The conclusion could be drawn that our competitiveness in the face of subsidised production in other countries is impossible.
Difficult, but not insurmountable
In most pork producing countries there are two distinct categories of production — small household or subsistence producers with low overheads and pretty basic production and quality, and then the large commercial units.
In Europe and America as part of large unit production are the networkers and I believe this is a system we could adapt and develop in South Africa to build a viable emerging farmer sector, and assist smaller commercial producers.
Economies of scale and access to capital, have established a trend to bigger units throughout the world. In Australia there were 50 000 producers in 1960. Last year there were 2 500.
Certainly there are many successful smaller units but unless they have access to capital, a cheap food source or a niche market, they will not remain competitive in the industry itself, never mind in competition for the consumer.
Today the customer is king and quite rightly so in a consumer driven market. Quality is the operative word and in pork production quality is driven by modern, not modified genetics, environmentally controlled housing and improved management systems. Food safety is of paramount importance. They, the smaller producer, in fact all producers, are faced with the dilemma — adapt or die. Simple to say, but not easy to accept and certainly much easier said than done bearing in mind the cost of entry and exit from the industry.
The current cost of entry, that is starting a new piggery from scratch and developing it to point of first sale is 22 000 to 2 000 rand per sow. There is open argument whether anything under 1 000 sows would justify the capital investment, which means an investment of 22 to 25 million rands.
These are some of the realities of pork production.
But we do have a lot in our favour. South Africa enjoys many advantages in terms of health, not least of which is our climate — hot and dry. This eliminates some of the devastating diseases present in overseas herds, although we have some specialities of our own.
Food safety requires quality assurance supported by traceability and the industry is moving swiftly to enforceable bio-security.
The industry is served by dedicated, highly professional, specialised pig consultants.
A word of warning
The lack of priority afforded veterinary services and budget constraints in some provinces is a cause of concern and will mitigate against the smaller producer.
Serological testing of the national herd on a statistically relevant basis is ongoing and is of critical importance in dealing with both imports and exports.
New management practices are allowing those producers who can afford it, a quantum leap in terms of the elimination of disease and improved production efficiency. Indeed this practice, control of depop/ repop is in my opinion going to have the greatest short-term impact on the industry.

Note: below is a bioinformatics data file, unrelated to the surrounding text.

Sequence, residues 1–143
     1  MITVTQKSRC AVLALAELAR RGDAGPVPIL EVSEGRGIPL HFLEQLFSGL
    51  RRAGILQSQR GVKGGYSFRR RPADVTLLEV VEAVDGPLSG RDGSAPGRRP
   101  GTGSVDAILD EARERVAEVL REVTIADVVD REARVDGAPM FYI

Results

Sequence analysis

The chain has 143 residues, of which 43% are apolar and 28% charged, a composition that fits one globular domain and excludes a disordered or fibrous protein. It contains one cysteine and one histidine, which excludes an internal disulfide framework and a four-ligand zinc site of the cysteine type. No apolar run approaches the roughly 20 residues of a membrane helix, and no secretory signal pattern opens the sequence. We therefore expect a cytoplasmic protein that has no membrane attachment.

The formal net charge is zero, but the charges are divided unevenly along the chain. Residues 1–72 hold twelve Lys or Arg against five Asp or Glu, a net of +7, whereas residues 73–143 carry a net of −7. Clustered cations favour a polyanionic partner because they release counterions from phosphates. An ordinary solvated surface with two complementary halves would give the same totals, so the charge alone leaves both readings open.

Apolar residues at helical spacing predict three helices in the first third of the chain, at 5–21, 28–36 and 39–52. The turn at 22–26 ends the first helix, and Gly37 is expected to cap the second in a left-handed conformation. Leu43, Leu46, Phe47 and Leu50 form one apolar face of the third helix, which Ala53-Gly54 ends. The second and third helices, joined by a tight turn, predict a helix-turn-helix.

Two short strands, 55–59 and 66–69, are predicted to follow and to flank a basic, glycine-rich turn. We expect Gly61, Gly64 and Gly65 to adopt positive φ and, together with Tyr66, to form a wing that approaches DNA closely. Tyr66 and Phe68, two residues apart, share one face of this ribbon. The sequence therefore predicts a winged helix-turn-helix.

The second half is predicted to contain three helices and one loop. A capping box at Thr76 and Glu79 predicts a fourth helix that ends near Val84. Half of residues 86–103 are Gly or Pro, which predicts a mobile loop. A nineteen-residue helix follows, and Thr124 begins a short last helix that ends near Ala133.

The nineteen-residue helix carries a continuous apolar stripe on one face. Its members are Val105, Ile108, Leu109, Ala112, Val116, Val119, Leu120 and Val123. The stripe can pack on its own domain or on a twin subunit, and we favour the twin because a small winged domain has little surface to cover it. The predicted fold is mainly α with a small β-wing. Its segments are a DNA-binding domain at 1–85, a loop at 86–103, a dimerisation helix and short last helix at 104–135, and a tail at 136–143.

This practice will lower production cost, improve competitiveness, but it requires capital and it will place extreme pressure on less efficient producers.
Environmentally controlled housing increases the comfort of the pig and helps to maximise production by reducing mortality and increasing growth. The fact is that modern pig production is pretty hi-tech and we have the expertise in South Africa to compete with the developed world.
We have the advantages of space and environmental pressures are not as intense. For instance, Holland has reduced it’s national pig herd from 1.3 million to 900 000 thousand.
As we discuss the competitiveness of pork we need to get world production into perspective because this does have an influence on our domestic industry.
There is no question that internationally, pork as a protein source, reigns supreme. In total 40% of all the meat eaten in the world is pork.
Production has risen by about 8% since 1998. It is estimated to rise by a further 4% over the next three years.
Statistics show that most of the producing nations are importers as well as exporters. Trade up 26.5% in the past five years. Thus export markets are at a premium with health the single biggest inhibitor, and control. That is why our national herd health is so important.
By contrast, the South African industry comprises some 100 000 sows, slaughtering 1.8 million pigs, giving a total production of 115 000 to 120 000 tons per annum with a per capita consumption of 2.6kg.
Compare this to Brazilian production of 2.6 million tons, the USA 8.9 million tons, the EU 17.6 million tons and the big one, China, a staggering 43 million tons.